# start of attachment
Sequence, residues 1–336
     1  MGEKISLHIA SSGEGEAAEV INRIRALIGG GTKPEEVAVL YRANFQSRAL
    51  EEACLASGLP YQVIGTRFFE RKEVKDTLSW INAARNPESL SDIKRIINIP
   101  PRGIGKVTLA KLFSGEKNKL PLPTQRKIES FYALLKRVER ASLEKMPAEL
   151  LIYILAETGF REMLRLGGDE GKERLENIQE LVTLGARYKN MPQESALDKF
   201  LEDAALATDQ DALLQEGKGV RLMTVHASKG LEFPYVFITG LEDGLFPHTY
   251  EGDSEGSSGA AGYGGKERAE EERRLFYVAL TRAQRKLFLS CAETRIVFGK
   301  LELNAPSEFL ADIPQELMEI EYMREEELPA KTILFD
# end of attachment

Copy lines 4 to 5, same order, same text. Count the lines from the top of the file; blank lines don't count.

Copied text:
   101  PRGIGKVTLA KLFSGEKNKL PLPTQRKIES FYALLKRVER ASLEKMPAEL
   151  LIYILAETGF REMLRLGGDE GKERLENIQE LVTLGARYKN MPQESALDKF